|The death of the heart is the saddest thing that can happen to you. -Chinese Proverb|
I have a certain fascination with suspended spaces and time(s), such as airports, train stations and in some instances hotel rooms. There is a lure to the revisited places that often witness pleasures, pains and heightened potentials, well at least for me there is.
I have always been attracted to such spaces, every time I travel, and God knows I've had my share in the last two years ( I've traveled through airports more than 40 times), and yet every time I do, I make sure I go at least 4 hours before my flight departs so that I'd spend some time in a terminal filled with people either welcoming new stories, or ending long ones. I'd always sit on a chair either with a book that often masks my curious looks, or a notebook where I jolt down stories i'd imagine happening in the wandering minds of fellow travelers.
Yes, I often also spend some time imagining or at times pushing visual images away in hotel rooms the moment I start occupying them, trying to understand what stories the walls have to tell, and what shames or pleasures the white clean sheets had to witness.
Train stations however remained foreign to me because of the nature of transportation in the city I lived in most of my life, that was until I moved to London, and they became central to my life. My last recollected memory of a train station was in Baghdad, I don't remember the name of the station, but I was probably 7 years old, excited about having our private cabin with bunk-beds to share with my siblings on our trip to Kirkuk where my Aunt ( may she rest in peace) once lived. Was there a big clock in the station? That's how I remember it, but also that's how they are portrayed in hollywood films, so perhaps my memory is tainted with western stereotypes, and romantic associations with the industrial revolution as it is portrayed in books and films I read and watched growing up.
Until I started traveling outside what was once the locus of my universe, I began observing train stations and my fascination with them grew even more.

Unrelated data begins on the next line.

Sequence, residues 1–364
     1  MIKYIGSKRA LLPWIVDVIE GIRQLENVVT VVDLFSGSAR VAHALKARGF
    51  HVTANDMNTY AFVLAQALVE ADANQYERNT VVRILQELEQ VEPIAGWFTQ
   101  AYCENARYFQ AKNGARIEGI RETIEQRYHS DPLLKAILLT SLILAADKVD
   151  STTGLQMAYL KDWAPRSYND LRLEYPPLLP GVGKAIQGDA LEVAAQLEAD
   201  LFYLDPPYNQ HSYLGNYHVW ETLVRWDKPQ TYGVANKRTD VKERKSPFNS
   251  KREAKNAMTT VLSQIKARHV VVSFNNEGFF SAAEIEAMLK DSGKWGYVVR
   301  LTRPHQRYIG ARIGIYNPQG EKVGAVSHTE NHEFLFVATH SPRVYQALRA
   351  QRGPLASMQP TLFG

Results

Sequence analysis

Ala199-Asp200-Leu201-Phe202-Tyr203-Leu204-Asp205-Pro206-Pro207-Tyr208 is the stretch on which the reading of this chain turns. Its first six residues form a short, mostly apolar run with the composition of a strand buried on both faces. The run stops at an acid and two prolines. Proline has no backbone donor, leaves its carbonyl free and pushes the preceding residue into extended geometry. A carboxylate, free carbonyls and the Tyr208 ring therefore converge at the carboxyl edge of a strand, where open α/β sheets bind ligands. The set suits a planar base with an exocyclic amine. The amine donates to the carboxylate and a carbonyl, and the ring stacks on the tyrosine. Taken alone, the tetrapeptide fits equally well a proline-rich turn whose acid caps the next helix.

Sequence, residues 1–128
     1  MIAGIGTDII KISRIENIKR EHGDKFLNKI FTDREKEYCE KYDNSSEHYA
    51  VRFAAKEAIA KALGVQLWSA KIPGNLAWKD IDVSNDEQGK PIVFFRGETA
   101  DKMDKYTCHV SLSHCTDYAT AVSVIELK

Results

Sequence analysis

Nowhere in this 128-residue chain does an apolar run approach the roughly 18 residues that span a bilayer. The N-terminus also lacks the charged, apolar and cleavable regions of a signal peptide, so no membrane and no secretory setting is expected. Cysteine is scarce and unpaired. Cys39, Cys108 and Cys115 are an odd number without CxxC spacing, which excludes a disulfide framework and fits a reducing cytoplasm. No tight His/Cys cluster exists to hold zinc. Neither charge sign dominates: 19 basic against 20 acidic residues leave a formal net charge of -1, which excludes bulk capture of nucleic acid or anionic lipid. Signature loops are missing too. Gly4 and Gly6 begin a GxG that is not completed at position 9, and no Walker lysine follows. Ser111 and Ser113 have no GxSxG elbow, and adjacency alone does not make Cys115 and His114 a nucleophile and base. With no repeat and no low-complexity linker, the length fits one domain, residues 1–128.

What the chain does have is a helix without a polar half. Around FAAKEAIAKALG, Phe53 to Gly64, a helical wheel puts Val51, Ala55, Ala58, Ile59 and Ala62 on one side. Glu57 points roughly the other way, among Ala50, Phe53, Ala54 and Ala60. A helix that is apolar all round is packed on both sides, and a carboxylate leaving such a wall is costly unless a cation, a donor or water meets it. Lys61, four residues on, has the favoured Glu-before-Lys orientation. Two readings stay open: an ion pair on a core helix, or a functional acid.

I've spent some ample time in stations during my time in London, sometimes in passing as means of commuting, and others saying my hello's and goodbyes. I always looked for the odd couple that fought before one of them boarded a train away, or the ones that did not cry but laughed trying to ease the separation. I was in love with my selections, and often imagined that I would also reclaim the space when the time came to say my goodbyes, and create a counter-argument to the usual tears shed while departing.
But that never happened, instead I saw myself narrating in my head instances when I had to say goodbye to loved ones while it was happening! It was too intense, I'd hear a voice-over in my head describing the teary eyes, the shaking hands, and the embrace that truly suspends time. My mind also directs the whole scene where people move in time-lapse, while I am standing still feeling with every passing second, a life-time slipping away. My narrative in fact, became the most dramatic of them all.
A week ago, I revisited a station that I hate and love by chance, not intended, I found myself somehow forced to take it to reach a hotel-room I then called home. I walked in with so much caution, pretending I was a horse, that I only saw what was in front of me, and that my human eyes could not comprehend the sideways. I wanted to avoid that seat outside the station where I sat not so long ago crying because I had to live that un-coveted goodbye. I avoided the gateway which saw both the arrival of my solace, and the farewell to the arms. I tried to avoid looking at the station I was now walking through so much, that I actually missed both my gate and the train.
And then I looked behind, and saw that clock I have always imagined in the train station in Baghdad, and saw my little self crying because her daddy then could not travel with her to Kirkuk. I also saw that with every goodbye I said in the train stations of my life, I always shed rivers of tears because in their essence, farewells are hated by me. I stopped blaming myself for my overt sense of sensitivity, and accepted that my vulnerability to separation is rooted deep in losses I've lived through in my childhood and adult-life. I accepted then only that my sadness and fascination with train stations, airports and hotel rooms, comes from my continuous struggle with the temporality of it all: of life, moments, happiness and love.
I waited for the next train on a bench close to the one that I avoided, and I saw me sitting there crying genuinely as I said goodbye there once, and It did not bother me, in fact, I smiled at me and prayed that I will never stop crying for those who matter, but then leave. I also closed my eyes a little and prayed that the next time I am here, I am saying hello not waving goodbye.
*Title of this post is a the title of David Gray's Song found here: http://www.youtube.com/watch?v=-bzdrabPpRE
* Photographs are part of my collection of captured memories.